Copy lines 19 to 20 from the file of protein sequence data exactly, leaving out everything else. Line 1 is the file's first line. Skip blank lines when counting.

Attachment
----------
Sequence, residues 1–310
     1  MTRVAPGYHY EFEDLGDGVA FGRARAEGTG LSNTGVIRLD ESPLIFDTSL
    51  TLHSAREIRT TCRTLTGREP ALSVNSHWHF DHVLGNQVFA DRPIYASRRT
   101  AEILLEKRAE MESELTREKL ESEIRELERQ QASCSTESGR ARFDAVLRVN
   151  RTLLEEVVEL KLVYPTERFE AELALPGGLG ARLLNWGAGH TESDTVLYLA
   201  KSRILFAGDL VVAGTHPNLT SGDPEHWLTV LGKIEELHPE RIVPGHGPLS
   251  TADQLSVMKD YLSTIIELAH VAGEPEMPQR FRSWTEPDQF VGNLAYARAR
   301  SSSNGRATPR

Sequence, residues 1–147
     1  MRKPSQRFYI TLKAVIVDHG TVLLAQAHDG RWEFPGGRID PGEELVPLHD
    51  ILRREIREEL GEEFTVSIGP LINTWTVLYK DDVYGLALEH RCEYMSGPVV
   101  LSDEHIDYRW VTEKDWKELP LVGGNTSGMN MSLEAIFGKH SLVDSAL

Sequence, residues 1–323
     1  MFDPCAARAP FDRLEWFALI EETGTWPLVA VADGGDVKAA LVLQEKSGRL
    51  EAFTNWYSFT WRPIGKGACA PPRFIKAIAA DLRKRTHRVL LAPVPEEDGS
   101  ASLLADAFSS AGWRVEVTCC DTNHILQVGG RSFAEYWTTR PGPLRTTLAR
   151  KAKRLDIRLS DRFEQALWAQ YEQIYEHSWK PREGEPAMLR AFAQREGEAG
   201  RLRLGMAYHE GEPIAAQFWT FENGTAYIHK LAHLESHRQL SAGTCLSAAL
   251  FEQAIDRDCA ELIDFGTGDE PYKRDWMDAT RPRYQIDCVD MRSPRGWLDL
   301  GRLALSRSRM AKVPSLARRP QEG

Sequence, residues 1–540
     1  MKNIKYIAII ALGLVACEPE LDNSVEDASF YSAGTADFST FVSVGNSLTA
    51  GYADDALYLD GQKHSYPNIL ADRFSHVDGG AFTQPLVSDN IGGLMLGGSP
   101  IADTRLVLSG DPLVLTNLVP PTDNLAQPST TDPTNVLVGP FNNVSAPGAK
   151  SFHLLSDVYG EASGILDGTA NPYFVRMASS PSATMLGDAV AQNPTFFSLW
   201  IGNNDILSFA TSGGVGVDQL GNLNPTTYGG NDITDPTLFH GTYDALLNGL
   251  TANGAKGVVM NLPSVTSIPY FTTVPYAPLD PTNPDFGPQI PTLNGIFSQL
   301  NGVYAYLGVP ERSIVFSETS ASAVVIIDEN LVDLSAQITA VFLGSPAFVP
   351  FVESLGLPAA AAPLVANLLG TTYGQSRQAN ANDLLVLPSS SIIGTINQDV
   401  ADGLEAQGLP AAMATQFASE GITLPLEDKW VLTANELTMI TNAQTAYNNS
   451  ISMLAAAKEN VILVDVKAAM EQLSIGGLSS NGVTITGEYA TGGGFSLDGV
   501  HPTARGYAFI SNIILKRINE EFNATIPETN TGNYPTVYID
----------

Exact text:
   251  FEQAIDRDCA ELIDFGTGDE PYKRDWMDAT RPRYQIDCVD MRSPRGWLDL
   301  GRLALSRSRM AKVPSLARRP QEG